5 Tips for the Student to Excel at Martial Arts
1. Commit 100%
Go big or go home, all or nothing, give it your all, etc... all skills including martial arts require commitment. All great athletes or artist may have been blessed with natural talent, but to be the best, Kung Fu Shaolin Monks practice well over three to four hours a day! As mentioned earlier eat, sleep, and breathe your skill, this means watching martial arts movies, YouTube Video’s, reading martial arts books, magazines, or articles. Practicing can be done at all times!one must commit to their skill or art. One must be willing to be a sponge and learn as much as possible. One must eat, sleep, and breathe the skill. One must practice, practice, practice! Practice must not only be done in class, three to four hours a week is not sufficient to be outstanding at your skill.
2. Learn your skill
When practicing martial arts try not to just go through the motions, or movements, try to visualize what each attack is doing, whether it be conditioning, blocking, striking, or a nice self defense technique. When practicing Tao Lu/Kata/Forms, practice to the best of one’s ability. 1st emphasis should be placed on correct stances and posture, 2nd correct execution of blocks attacks and techniques, 3rd power, lastly would be speed. I am afraid to even mention speed though, due to the fact that this is what most focus on first. Focus on learning the skill and everything about it, one must try to “master” a beginning skill before learning a new one. One must learn to crawl before one can run.
3. Correct your skill
You may be practicing a technique a wrong way, this is common. Do not be discouraged your instructor should be more than pleased that you are at least practicing. Learn the corrections though; do not stay stuck in your old habits. If you think your way is better, right or wrong, your instructor will want you to do it their way. Corrections must be done at all times, keep in mind there is no right or wrong way, overall the “correct way” is what works best for you. Your instructor should have a set curriculum he/she wants you to learn, you must master this before mastering your way.
4. Retain your skill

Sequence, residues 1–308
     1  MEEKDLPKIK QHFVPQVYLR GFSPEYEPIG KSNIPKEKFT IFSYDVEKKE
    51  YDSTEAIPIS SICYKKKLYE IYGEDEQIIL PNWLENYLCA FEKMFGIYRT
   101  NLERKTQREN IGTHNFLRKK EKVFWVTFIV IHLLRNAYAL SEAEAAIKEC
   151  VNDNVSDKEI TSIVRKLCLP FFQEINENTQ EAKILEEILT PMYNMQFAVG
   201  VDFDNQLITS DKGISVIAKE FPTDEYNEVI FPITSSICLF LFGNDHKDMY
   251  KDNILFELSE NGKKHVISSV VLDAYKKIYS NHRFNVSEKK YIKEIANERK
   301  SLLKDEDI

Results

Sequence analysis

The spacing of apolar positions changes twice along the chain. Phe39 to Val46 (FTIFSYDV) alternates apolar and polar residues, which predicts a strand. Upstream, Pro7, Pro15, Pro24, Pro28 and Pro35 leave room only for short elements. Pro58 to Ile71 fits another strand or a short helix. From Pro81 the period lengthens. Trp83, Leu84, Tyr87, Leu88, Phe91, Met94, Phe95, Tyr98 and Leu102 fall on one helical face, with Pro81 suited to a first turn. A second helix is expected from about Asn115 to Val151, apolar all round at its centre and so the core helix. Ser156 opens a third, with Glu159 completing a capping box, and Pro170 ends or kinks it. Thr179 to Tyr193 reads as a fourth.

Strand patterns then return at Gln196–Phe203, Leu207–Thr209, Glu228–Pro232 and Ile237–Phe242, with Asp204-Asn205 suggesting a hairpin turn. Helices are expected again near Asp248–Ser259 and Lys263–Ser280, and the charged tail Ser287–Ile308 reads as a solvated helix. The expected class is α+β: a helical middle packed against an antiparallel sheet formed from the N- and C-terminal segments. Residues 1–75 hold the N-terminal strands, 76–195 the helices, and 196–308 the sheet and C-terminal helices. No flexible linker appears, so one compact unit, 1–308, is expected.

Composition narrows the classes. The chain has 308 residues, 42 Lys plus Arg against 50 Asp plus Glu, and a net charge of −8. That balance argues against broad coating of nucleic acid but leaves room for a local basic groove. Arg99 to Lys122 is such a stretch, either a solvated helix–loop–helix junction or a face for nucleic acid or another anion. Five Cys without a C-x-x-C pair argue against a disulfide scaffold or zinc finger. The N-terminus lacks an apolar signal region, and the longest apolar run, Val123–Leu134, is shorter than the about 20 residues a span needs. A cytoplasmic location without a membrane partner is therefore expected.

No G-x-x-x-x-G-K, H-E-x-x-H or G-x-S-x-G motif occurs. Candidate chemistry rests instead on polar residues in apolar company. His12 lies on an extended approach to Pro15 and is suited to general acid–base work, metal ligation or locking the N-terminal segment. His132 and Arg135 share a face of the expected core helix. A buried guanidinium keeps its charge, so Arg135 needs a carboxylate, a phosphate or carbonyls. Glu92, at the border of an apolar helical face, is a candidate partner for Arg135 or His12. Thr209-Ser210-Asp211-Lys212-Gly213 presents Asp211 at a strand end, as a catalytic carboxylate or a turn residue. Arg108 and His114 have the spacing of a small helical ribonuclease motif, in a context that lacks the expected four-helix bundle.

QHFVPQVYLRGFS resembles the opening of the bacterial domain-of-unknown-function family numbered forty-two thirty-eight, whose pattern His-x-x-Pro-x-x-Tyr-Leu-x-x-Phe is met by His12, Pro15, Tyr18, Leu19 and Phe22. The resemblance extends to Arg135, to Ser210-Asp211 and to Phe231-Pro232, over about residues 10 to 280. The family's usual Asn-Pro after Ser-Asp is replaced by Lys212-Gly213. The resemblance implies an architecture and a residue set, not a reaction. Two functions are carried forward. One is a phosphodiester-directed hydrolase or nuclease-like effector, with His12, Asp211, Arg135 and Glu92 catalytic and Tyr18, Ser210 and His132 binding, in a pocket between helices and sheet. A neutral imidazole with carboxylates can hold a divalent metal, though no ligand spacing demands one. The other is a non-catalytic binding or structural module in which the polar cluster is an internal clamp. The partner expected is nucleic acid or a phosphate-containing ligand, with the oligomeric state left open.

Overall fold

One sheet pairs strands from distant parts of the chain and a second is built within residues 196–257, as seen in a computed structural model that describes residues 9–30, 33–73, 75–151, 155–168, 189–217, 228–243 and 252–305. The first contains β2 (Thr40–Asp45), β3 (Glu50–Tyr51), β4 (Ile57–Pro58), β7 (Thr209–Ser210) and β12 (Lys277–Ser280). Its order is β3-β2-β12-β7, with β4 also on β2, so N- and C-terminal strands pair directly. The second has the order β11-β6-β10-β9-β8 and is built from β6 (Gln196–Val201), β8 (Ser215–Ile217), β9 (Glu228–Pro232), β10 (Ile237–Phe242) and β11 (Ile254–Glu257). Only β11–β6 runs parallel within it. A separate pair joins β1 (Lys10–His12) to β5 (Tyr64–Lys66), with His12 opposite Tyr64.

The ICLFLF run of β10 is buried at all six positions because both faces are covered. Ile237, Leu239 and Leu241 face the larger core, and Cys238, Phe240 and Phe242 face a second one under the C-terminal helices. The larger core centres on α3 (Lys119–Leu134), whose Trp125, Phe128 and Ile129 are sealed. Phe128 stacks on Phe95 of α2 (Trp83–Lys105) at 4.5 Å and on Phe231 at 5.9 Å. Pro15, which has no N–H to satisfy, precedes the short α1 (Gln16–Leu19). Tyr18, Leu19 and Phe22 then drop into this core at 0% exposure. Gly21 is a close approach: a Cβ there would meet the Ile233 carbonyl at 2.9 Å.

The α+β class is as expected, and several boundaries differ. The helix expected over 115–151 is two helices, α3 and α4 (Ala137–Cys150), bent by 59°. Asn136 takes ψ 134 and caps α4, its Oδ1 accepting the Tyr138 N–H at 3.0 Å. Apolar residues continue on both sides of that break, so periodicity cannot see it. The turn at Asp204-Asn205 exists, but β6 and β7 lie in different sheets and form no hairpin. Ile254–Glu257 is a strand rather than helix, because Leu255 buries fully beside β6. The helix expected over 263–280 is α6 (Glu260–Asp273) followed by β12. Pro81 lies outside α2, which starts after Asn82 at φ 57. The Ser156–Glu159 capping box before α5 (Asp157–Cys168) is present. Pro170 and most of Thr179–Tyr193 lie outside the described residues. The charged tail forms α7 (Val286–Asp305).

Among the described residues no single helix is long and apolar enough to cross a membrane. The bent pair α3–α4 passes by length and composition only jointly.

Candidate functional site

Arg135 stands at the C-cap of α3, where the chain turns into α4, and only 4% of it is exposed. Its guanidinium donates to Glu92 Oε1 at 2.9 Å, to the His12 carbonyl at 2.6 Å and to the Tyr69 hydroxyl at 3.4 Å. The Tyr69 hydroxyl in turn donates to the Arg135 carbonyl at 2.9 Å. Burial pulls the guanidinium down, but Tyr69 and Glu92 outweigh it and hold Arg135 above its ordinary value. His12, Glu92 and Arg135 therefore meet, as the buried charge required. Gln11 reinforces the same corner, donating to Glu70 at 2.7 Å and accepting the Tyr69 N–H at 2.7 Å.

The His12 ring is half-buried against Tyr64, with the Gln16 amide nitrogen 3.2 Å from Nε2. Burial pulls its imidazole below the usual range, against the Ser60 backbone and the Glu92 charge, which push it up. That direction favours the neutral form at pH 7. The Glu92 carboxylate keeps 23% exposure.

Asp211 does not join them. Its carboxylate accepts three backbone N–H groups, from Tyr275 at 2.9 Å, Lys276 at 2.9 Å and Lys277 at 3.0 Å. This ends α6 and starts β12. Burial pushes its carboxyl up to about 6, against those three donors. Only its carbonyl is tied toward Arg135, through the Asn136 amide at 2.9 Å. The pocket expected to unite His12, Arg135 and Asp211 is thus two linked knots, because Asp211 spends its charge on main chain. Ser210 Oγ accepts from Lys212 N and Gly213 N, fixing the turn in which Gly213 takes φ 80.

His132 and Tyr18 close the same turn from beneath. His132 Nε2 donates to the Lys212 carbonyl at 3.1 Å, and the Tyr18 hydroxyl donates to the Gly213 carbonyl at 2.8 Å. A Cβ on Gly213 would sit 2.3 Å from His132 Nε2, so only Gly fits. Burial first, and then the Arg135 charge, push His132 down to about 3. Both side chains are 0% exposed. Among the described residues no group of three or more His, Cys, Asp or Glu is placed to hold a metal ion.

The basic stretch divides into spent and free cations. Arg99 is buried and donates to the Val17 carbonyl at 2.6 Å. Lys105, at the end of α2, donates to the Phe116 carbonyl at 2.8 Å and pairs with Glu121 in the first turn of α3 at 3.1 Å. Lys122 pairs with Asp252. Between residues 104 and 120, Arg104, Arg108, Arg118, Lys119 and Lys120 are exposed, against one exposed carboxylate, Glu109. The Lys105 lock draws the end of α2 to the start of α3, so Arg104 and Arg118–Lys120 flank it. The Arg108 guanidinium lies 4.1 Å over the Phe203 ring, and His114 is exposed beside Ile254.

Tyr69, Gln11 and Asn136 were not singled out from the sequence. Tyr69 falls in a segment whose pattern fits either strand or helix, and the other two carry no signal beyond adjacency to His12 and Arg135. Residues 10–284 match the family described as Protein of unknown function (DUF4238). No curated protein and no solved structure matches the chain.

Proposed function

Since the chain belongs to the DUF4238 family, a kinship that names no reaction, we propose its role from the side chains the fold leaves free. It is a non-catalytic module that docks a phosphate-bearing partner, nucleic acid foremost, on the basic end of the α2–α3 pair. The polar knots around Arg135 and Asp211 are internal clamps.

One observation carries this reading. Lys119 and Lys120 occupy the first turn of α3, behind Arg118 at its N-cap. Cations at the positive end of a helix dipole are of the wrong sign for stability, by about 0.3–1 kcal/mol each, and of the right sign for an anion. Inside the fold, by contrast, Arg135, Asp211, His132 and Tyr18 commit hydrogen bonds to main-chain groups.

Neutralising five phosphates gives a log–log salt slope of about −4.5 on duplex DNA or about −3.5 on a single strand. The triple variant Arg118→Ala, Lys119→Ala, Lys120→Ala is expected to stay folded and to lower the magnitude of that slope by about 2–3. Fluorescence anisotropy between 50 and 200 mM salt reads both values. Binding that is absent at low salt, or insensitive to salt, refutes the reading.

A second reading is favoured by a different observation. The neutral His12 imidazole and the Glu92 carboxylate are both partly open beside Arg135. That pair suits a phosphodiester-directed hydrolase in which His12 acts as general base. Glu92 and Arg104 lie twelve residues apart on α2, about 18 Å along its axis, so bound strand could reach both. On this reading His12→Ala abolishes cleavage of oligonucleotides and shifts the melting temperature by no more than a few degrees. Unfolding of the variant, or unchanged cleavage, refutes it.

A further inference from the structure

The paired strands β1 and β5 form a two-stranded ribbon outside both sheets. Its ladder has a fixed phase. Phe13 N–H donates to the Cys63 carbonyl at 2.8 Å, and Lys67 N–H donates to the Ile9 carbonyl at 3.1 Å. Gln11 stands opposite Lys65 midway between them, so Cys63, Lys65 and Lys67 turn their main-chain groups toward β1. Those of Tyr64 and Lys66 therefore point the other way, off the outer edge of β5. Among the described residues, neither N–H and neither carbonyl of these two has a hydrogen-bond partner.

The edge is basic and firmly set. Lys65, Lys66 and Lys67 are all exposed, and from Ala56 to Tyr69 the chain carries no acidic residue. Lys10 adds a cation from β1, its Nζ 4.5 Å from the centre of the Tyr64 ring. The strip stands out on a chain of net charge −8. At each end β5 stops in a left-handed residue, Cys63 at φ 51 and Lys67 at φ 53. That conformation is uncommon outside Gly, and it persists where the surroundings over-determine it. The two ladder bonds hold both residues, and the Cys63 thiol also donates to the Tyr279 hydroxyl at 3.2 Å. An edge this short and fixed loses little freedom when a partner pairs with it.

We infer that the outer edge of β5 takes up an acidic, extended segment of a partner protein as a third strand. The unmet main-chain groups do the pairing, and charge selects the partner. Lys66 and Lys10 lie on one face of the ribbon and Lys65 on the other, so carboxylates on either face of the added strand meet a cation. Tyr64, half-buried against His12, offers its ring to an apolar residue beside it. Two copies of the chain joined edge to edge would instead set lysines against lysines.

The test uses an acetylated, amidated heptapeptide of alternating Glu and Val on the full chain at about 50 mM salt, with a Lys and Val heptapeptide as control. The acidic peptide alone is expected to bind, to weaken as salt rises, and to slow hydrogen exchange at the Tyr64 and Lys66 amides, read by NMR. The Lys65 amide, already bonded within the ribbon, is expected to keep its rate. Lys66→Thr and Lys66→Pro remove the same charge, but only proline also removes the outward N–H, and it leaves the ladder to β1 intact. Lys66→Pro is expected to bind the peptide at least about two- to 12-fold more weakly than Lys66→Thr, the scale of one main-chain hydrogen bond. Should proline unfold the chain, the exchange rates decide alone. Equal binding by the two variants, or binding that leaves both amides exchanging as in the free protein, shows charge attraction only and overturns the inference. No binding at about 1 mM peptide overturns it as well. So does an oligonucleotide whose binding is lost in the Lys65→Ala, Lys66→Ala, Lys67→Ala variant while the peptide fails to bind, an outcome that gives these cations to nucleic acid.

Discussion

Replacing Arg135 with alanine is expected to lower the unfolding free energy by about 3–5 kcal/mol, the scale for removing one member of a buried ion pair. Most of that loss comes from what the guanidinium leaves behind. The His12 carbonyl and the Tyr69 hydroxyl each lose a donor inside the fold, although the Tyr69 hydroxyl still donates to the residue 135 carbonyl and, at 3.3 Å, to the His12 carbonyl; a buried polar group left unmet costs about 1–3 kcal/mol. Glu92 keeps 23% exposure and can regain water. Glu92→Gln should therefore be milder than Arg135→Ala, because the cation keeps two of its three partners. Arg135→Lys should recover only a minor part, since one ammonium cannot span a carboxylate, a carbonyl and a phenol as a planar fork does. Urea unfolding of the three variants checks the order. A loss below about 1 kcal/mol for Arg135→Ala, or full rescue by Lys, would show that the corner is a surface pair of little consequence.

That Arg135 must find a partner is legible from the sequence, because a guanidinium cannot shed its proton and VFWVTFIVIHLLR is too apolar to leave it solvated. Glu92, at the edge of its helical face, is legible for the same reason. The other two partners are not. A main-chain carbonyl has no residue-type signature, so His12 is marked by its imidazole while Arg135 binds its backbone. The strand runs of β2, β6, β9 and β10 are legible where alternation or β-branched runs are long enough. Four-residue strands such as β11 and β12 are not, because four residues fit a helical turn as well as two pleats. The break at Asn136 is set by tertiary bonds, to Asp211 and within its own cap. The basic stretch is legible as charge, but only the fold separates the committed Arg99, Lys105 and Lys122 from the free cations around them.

Many have witnessed martial arts tests, during these tests black belts have only had to do a required amount of “kata”, board breaking, and “kumite”. Not all of the information learned since white belt is needed to perform during a black belt exam at all schools. However at HWMA the curriculum is accumulative to advance to the next rank, this means all beginning stances, forms, techniques, such as something as simple as fighting position must be performed during a belt rank examination. Martial arts schools that have accumulative requirements for testing are usually great examples of prominent martial arts schools. There are other martial arts schools that do not have accumulative requirements, but still produce phenomenal martial artist.
As mentioned earlier one must crawl before he/she can run, this means one must execute a correct single punch, before one executes a double punch. Do not forget “old”/”easy” techniques this will not help for future reference especially if one would like to be an instructor themselves.
5. Do not give up
Most importantly never quit your training. Once in a while one may get discouraged, this is just one of the many obstacles one will face during their training. Everyone plateaus and it is up to the person to rise above it. Try not to have too many rest days, try to do something productive for your skill at all times. There will be obstacles such as new techniques that will be harder to learn than others, this does not mean to give up, this means to try harder. Show your best at your worst, when you are hurt or tired, this does not mean to go without the previous steps. Your competition may beat you up and down, this does not mean to give up, but to show them you’re determined to survive, to win and overcome.
How bad do you want it? All of these tips can be done with ease it is up to the student to execute them!